NGINX with Blazor Server-Side

If you do have a TLS certificate (strongly recommended) you can force each connecting client to switch from HTTP to HTTPS. There are various ways to do so, however, I find it pretty easy to apply the following config to each server configuration. Furthermore, the return value does not statically include any destination URL, but uses whatever the client originates from. E.g.: a Client browsing to will be redirected with a HTTP 301 return massage to

server {
    listen                              80;
    server_name                         _;
    return                              301 https://$host$request_uri;

The server config for our Blazor Server-Side application requires some additional parameters. proxy_read_timeout, proxy_connect_timeout, and proxy_send_timeout require to deviate from the default variant, as Blazor Server-Side has a steady Signal-R connection. Furthermore, we include X-Real-IP and X-Forwarded-For to pass through the client’s IP-Address. You could then read the client’s IP-Address, even though you are hiding behind a reverse-proxy. You may also spot the 443 ssl http2 config. Http2 is nowadays recommended, supports multiplexing, compresses the header,… In short, enable it. One could argue that HTTP2 is not supported by all browsers. Even though the argument is valid, neither is Blazor Server-Side. Hence, if your browser supports Blazor Server-Side, then it will also support HTTP2.

server {
        listen                          443 ssl http2;
        server_name           ;

        location / {

                proxy_read_timeout 1d;
                proxy_connect_timeout 4;
                proxy_send_timeout 1d;

                proxy_set_header Upgrade $http_upgrade;
                proxy_set_header Connection $http_connection;

                proxy_set_header Host $http_host;
                proxy_set_header X-Real-IP $remote_addr;
                proxy_set_header X-Forwarded-For $proxy_add_x_forwarded_for;
        /// <summary>
        /// Obtains the connected client's IP-Address.
        /// </summary>
        public string IpAddress
                HttpContext httpContext = httpContextAccessor?.HttpContext;

                string ipAddress = httpContext?.Connection?.RemoteIpAddress?.ToString() ?? string.Empty;
                // check whether we are dealing with a reverse proxy.
                // if we deal with a reverse proxy, we require to pick the ipAddress
                // from a custom http header attribute (x-real-ip)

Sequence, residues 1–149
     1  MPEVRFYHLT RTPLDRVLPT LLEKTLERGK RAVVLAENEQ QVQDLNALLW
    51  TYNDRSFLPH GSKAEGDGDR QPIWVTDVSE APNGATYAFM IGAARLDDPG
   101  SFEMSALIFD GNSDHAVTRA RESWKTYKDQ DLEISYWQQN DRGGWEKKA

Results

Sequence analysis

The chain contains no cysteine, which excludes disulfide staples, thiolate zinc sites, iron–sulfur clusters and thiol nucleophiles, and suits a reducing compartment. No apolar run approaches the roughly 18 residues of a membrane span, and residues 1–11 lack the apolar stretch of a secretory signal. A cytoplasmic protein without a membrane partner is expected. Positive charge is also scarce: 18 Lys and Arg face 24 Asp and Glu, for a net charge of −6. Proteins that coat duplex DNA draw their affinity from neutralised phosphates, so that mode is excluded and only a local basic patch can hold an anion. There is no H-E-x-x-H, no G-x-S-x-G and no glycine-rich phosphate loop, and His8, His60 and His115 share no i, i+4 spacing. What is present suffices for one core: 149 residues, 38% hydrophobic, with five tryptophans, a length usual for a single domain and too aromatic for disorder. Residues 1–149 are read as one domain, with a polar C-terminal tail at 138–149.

if(!string.IsNullOrEmpty(ipAddress) && IPAddress.IsLoopback(IPAddress.Parse(ipAddress)))
                    ipAddress = httpContextAccessor?.HttpContext?.Request.Headers["X-Real-IP"].FirstOrDefault()?.Sanitize() ?? ipAddress;

                return ipAddress;

Performance does matter – Thus, we apply some additional optimizations to our NGINX configuration. First, we hide the fact that we use NGINX. On internal or external failures, we then do not expose our reverse-proxy setup. This does not relate to performance, although it does improve security. Enabling gzip on various file-types decreases bandwidth usage and leads to faster responses. Last but not least we drop TLSv1.0 and v1.1 support, because those versions are not considered secure anymore.

http {
        # hide server infos
        more_clear_headers Server;
        server_tokens off;
        more_set_headers 'Ass';

        sendfile on;
        tcp_nopush on;
        tcp_nodelay on;
        keepalive_timeout 65;
        types_hash_max_size 2048;
        client_max_body_size 10M;

        # TLS stuff
        ssl_certificate                 /fakepath/fullchain.cer;
        ssl_certificate_key             /fakepath/key.key;
        ssl_protocols TLSv1.2 TLSv1.3;
        ssl_prefer_server_ciphers on;

        # Compression
        gzip on;
        # if a client doesn't support gzip, NGINX is able to decompress before sending
        gunzip on;
        gzip_types text/plain text/css application/json application/javascript text/xml application/xml application/xml+rss text/javascript;



With all of those settings applied, a Blazor Server-Side application is reachable and functional. The performance shows, as Google’s lighthouse reports a score between 85 and 95 on all of my Blazor web applications.

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